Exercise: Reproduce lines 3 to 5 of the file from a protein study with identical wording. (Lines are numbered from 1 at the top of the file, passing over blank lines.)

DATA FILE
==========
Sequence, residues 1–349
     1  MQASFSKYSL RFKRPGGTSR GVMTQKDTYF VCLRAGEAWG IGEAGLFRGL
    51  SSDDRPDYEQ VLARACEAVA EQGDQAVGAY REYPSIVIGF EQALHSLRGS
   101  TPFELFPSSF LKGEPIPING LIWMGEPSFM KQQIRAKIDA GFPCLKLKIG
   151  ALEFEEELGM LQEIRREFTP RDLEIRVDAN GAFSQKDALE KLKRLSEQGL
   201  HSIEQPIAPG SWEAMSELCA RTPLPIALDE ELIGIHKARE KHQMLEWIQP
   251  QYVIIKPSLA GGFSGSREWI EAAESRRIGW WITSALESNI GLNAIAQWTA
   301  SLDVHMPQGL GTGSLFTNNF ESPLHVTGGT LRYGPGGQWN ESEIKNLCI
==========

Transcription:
    51  SSDDRPDYEQ VLARACEAVA EQGDQAVGAY REYPSIVIGF EQALHSLRGS
   101  TPFELFPSSF LKGEPIPING LIWMGEPSFM KQQIRAKIDA GFPCLKLKIG
   151  ALEFEEELGM LQEIRREFTP RDLEIRVDAN GAFSQKDALE KLKRLSEQGL